For a second season of War On Waste, Craig Reucassel is a man on a mission.
Season one of the ABC series won a Logie for Most Outstanding Factual Or Documentary Program at the recent TV WEEK Logie Awards on the Gold Coast.
The show highlighted the damage we do when we throw away things that could be recycled, waste food or resources, and ignore the impact we have on the environment.
Craig has had some success. The move towards reusable cups for takeaway coffee is a victory helped along by the exposure the series brought.
But Craig wants more. In season two, he has a range of new targets. They include one that will surprise everyone: the humble straw.
It's not impossible to change our habits, Craig, 41, tells TV WEEK. Sometimes, all it needs is someone to point out the problem.
"Woolies and Coles, for example, went ahead on the issue of single-use plastic bags," Craig says. "That's amazing. And there have been some other obvious changes recently. But there's still work to do."
Here are five things Craig is waging war on in War On Waste…
"It's amazing how many straws people go through," he says. (One pub Craig visits dispenses 10,000 plastic straws a month.)
"And it's just so unnecessary. Some people do need them, but for others, putting a straw in a drink is just a habit.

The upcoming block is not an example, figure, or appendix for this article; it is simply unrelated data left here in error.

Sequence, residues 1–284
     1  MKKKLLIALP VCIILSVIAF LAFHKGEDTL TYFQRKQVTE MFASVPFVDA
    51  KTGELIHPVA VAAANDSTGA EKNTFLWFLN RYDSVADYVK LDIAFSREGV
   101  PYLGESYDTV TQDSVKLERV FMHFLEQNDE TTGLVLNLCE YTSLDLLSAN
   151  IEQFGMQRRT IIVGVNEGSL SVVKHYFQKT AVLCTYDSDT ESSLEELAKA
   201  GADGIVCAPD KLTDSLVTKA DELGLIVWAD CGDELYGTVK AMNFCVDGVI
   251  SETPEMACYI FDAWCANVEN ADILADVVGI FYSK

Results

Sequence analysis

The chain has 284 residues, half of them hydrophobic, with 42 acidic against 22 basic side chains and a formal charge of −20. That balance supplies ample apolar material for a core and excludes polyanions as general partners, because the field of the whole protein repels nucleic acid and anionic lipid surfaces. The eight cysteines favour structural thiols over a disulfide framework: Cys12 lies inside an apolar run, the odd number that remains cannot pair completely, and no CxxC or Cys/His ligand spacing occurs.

"If you ever go looking for straws, you'll find that, after the plain black ones, Maccas straws are everywhere. We visited them [McDonald's]and, hopefully, they'll change. McDonald's in the United Kingdom is looking at it, so let's see."
"We'll look a bit more at food waste," Criag says. "One of the first steps to reduce that is reducing how much you buy in the first place."Some councils will now collect all your food waste. That's a better approach and one that works overseas.
"When we went to Sweden for a follow-up story, the people there were amazed that we bury food in Australia."
"With China no longer taking our recycling [since January, it has tightened restrictions on imported recyclable materials], that's started to create a bit of concern and lack of trust," Craig says.
"People want to know what happens to the items they recycle. And we'll be honest about that and show that, 'Yes, there definitely is some stuff going into landfill.'
"We'll focus on how we solve the problem of recyclable items that are 'too contaminated'. Maybe that's where we need new packaging labels, so people know what they can and can't put in the bin."
"E-waste [electronic waste, such as old or broken TVs, computers and mobile phones] is really interesting," Craig says.
"I had a look around my house and found several things that should be recycled, but haven't been. Why does that happen? And what are the benefits of recycling e-waste?
"It's important, because there's [societal] pressure to upgrade electronics. We end up with these 'spares' around the house. Telstra, Vodafone and Optus all have mobile-phone recycling boxes. You just have to find them."
"Drink bottles are a big problem," Craig declares. "It's incredible how many wind up in our waterways and are then washed out to sea.
"And so much of the cost of a bottle of water is the packaging. We tested the bottled variety against tap water and found that buying it makes no sense.
"It's hard to understand why people buy bottled water. It's so unnecessary. It's amazing that they think it's healthier!"
The second season of War On Waste premieres Tuesday 24th of July, 8.30pm, on ABC.